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Rural Community Stands Tall to Protect Solitude


BRADENTON -- At Thursday's BOCC Land Use meeting, residents from east Manatee showed up to protest against the rezoning of a 5.5-acre parcel off State Road 70 and Verna Bethany Road. The applicant for the property, which is currently zoned General Agriculture, is requesting a rezoning to build a small, country-style center with a gas station, store, shops and services. The only problem is, residents say NO, not here.

Myakka is located in the most eastern part of Manatee County. It is a rural community committed to an alternative lifestyle very much unlike that of city and urban dwellers. Those who live in the neighborhood off of S.R. 70 say they are being force-fed a lifestyle they struggled to get away from, and some say that if they have to move, then so be it.

"People shouldn't always have to fight their representatives to get protection for the property and lifestyle they grew up with or moved here for," said Irene Rhodes.

"We want to get away from traffic and I would like to keep my life quiet." Rhodes added, "I am not going to risk gas tanks anywhere near the well my kids use to play, bathe and drink from." 

Rachel Larkin said, "We don't want a brick or wood fence, and I have a list of people that feel the same. We don't need a store next door, we get our milk, locally, at Dakin Daries, just four miles away, on our way home."

Representing the applicant, Misty Servia, Planning Department Manager for King Engineering, said she met again with members of the community to address neighborhood concerns. 

"We discussed a school bus shelter, fencing and landscape along 84th, reduced the height from three stories to two, agreed to no 24/7 on the hours, just four pumps and no LED lights. We have agreed on all of the stipulations from staff."

In response to Servia's statement, resident James Taylor replied, "We don't need to go forward with this, we just don't want it."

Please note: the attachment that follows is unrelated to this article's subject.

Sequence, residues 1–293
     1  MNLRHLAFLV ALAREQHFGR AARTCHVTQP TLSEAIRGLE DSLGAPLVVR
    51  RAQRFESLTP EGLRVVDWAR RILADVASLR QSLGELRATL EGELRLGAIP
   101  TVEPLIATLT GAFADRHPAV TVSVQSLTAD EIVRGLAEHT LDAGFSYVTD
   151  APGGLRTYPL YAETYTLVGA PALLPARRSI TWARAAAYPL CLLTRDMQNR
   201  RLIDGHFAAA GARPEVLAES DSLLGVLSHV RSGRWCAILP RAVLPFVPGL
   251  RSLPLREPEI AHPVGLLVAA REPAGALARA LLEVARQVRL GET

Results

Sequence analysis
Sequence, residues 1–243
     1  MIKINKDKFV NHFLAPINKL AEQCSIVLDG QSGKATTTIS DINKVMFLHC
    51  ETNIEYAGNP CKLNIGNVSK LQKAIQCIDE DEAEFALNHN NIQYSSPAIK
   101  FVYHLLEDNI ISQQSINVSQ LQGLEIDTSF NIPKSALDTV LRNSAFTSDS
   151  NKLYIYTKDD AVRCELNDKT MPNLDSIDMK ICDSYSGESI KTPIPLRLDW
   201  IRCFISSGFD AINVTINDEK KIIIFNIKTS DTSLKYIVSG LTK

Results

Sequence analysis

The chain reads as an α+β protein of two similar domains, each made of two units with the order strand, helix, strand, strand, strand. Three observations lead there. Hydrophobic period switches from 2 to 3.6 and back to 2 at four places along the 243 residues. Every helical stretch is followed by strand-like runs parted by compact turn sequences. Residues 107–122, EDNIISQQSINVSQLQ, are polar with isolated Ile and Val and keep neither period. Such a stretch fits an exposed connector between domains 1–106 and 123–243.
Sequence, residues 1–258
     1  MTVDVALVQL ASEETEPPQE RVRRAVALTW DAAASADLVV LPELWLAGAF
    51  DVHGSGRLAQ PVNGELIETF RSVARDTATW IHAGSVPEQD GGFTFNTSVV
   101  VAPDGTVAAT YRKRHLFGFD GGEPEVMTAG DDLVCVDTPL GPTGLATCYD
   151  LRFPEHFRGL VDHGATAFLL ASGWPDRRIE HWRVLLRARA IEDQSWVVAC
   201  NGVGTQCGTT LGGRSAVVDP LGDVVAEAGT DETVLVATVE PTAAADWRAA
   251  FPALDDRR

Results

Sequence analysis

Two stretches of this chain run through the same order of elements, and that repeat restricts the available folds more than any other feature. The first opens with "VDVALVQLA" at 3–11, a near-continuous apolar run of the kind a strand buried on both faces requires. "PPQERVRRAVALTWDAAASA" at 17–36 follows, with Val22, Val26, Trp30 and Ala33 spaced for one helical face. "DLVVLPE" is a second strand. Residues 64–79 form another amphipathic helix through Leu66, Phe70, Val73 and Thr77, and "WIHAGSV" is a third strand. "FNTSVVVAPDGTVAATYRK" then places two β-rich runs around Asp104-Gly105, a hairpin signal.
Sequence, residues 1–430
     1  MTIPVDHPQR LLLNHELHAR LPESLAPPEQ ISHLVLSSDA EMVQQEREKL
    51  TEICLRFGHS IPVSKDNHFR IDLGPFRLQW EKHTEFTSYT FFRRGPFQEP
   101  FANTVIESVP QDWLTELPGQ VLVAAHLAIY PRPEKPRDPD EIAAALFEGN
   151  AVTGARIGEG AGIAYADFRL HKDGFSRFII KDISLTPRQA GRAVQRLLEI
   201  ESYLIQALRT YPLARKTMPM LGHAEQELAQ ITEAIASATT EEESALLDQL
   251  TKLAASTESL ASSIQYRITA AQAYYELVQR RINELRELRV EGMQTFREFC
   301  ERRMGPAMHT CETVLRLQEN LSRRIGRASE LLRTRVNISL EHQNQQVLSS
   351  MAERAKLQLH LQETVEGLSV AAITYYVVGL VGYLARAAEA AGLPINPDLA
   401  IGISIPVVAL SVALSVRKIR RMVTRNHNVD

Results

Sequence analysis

Commissioner Baugh said, "The people out there (in and around Myyaka) know, if they want something, they can come to us. We should listen to the people, and they don't want us changing their lives." 

Commissioner Whitmore said, "I want other commissioners to really consider what Commissioner Baugh said." 

Commissioner DiSabatino asked Servia if the applicant would consider removing the gas pumps, and maybe reduce the square footage to 20,000 ft. 

Servia told the commission, "no"; that the pumps were a deal breaker. Commissioner DiSabatino said she was not willing to vote an approval if the pumps were to stay. "They don't want a gas station." 

One by one commissioners said they understood and supported residents who chose to live an alternative lifestyle, and felt it wasn't right to take it away from them.  

DiSabatino, Whitmore, Baugh and the other commissioners agreed they weren't willing to go against the will of the residents. Whitmore suggested she too would vote against the project if it included a gas station the residents didn't want, and made a motion to continue the discussion so the two parties could attempt to work things out. 

Baugh also let the commission know she was going to stand firm in support of those in her district, and the life they chose to live.

The vote was unanimous to continue the item to the land use meeting on Oct. 3, 2013.


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